Sometimes renewal comes by backing up.
The most successful movie of 1985 was Steven Spielberg’s Back To The Future. The science fiction adventure comedy film reminded us that there are times when you have to move back to go forward. Renewal requires a return.
Sometimes nations seem frozen in time, with little change and no progress as far back as people can remember. Some seem to be moving in the wrong direction. Perhaps we need to go back in order to move forward.
We often speak of needing revolution or reformation to bring “change” to our countries or better yet to bring progress. But revolution and reformation are not the same thing.
The root of revolution is revolt. First used in the 1540s, and derived from the French revolter, it means “to overthrow, overturn.” A revolution is an overturning of the foundations as opposed to a returning to the foundations. A revolution is a rejection of the past, an upending of history.
The word reformation comes from reform. First used around 1300, it meant “to convert into another and better form.” It was derived from the Latin reformare “to form again, change.” The basic idea is not to overturn the foundations but to re-form, to form again from the foundations. This is more the idea of a renewal. Noah Webster, lexicographer of the new United States, defined reform, “To change from worse to better; to amend; to correct; to restore to a former good state, or to bring from a bad to a good state; as, to reform a profligate man; to reform corrupt manners or morals” (Webster’s 1828 edition).
Notice the positive direction in the concept of reform. This is not change for the sake of change, not overthrowing something and hoping for improvement. To reform is to form again, to move from worse to better. One historical example is the work of William Wilberforce and the Clapham Sect in England to move from the corruption of manners to civilizing the culture.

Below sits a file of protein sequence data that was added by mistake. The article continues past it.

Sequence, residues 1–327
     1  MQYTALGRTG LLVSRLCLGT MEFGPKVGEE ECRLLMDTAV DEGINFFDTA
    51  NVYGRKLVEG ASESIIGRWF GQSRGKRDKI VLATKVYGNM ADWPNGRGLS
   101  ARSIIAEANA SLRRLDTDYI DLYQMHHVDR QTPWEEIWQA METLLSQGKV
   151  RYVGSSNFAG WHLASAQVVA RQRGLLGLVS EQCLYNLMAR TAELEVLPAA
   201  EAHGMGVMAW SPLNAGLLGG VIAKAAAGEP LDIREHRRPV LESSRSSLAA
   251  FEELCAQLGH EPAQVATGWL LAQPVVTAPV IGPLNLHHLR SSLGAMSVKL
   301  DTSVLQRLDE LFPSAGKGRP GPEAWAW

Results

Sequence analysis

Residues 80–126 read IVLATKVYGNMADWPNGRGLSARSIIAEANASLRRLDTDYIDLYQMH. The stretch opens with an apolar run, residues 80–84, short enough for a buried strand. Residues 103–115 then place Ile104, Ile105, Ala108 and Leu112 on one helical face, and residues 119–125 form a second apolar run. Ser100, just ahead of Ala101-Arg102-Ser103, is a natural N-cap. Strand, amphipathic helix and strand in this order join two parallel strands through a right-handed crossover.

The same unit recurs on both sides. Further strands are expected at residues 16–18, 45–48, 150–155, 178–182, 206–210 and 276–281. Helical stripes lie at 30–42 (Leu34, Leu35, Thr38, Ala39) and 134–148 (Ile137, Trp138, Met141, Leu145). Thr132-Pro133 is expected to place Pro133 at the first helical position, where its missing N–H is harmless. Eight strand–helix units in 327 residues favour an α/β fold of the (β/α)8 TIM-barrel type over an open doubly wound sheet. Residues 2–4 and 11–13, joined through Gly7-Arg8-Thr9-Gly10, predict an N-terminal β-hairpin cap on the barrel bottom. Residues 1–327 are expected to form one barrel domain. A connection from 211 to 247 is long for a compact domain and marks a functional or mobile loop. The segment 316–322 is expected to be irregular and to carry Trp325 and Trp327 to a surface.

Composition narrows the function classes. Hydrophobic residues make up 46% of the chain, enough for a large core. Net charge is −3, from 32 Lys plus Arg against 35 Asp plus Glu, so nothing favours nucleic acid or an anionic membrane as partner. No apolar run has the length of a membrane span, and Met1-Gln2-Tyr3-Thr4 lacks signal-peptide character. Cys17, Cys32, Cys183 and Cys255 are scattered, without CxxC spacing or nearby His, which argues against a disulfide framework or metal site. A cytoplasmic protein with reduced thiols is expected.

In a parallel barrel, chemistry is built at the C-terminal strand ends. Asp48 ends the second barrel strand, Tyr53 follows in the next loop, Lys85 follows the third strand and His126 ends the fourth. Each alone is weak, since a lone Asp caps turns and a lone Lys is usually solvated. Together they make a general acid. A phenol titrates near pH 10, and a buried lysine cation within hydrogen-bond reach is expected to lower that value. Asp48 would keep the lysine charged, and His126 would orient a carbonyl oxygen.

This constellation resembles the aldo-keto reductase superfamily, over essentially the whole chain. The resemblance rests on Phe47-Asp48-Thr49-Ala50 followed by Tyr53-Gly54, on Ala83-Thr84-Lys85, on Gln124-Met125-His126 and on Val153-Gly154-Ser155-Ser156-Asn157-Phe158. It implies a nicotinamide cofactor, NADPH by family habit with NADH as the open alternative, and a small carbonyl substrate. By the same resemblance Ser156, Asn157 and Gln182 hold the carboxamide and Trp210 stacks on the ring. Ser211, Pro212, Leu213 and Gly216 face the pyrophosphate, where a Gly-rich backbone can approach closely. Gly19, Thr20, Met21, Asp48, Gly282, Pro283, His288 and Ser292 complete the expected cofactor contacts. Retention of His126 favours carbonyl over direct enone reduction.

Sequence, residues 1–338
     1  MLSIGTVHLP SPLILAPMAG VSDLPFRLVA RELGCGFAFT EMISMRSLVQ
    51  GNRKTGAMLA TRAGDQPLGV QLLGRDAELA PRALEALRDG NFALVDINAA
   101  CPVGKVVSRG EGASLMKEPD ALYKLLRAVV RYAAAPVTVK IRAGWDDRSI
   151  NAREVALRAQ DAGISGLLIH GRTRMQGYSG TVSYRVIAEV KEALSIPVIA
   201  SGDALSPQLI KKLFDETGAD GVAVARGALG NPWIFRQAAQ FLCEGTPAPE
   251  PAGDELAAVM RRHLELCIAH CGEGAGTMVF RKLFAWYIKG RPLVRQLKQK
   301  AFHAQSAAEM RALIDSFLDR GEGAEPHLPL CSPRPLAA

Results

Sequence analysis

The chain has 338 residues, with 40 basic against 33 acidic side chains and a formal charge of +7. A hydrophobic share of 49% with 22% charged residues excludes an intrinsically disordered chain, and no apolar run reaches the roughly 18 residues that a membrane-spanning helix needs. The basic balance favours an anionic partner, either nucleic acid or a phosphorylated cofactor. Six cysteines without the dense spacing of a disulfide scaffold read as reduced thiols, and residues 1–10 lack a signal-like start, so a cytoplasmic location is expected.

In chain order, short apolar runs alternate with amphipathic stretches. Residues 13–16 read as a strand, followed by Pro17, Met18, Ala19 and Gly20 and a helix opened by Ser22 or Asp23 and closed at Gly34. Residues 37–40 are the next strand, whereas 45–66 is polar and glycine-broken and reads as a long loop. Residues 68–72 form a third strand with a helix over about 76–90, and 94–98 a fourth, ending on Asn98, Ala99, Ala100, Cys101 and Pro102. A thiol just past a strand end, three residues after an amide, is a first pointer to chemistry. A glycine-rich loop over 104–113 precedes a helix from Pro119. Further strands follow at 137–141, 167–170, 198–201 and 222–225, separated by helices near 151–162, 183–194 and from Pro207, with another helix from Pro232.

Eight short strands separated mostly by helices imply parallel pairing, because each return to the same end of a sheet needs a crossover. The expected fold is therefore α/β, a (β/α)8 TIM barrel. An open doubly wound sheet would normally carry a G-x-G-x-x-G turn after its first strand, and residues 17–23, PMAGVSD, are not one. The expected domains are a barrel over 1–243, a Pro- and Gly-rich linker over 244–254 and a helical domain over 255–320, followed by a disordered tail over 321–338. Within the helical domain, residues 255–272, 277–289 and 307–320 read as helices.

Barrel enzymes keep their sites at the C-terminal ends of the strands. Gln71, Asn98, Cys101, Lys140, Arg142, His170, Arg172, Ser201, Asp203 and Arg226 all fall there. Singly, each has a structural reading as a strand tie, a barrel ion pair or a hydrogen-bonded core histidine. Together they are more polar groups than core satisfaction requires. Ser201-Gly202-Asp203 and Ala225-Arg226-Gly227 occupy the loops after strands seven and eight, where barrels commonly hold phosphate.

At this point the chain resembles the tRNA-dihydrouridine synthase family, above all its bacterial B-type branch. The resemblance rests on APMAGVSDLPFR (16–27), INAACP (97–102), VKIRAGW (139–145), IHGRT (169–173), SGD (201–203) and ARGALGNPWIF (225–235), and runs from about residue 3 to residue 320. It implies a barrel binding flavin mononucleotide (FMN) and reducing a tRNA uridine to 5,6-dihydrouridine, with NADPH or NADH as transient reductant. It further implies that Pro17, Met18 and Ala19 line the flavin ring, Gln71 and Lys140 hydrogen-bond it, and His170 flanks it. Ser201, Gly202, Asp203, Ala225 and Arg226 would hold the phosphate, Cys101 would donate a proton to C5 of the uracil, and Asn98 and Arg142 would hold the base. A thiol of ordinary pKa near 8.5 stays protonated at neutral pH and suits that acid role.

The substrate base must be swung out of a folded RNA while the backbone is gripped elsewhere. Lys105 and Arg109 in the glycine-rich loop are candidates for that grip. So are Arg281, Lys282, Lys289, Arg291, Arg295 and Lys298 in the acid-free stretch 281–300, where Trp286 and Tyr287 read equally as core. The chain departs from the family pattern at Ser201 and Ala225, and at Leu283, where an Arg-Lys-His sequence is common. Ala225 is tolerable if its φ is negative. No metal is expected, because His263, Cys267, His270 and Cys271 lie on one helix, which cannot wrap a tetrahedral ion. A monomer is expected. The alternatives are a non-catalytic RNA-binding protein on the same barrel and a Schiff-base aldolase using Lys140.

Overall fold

To reform is to restore the foundations, not overthrow them. The French Revolution and the Enlightenment were a revolt against first principles. They were a revolt against God. The Reformation in Europe, the revivals in England, and the Puritan founding of the United States, each marked a returning to first principles, to form again from the acknowledgement of the Creator God, the Creation Order, and faith in His Son and our Savior Jesus Christ.
In his book A Free People’s Suicide, Os Guinness speaks of the hope of a nation’s renewal through its people’s return to foundation principles. He sees this pattern in the Exodus of the Jews, the conversion of Christians, and the revival and reformation of the American Puritans.
In other words, all three movements- Jewish, Christian and American- share a striking feature that sets them apart from much modern thinking: A return to the past can be progressive, not reactionary. Each movement in its own way best goes forward by going back. … the most creative remakings are always through the most faithful rediscoveries. Put differently, when religious or political beliefs become tired and lost [sic] their vigor, the way to reinvigorate them is not to modernize or rebrand them cosmetically…The way forward is to return to the source that gave rise to them in the first place.[i] [emphasis added]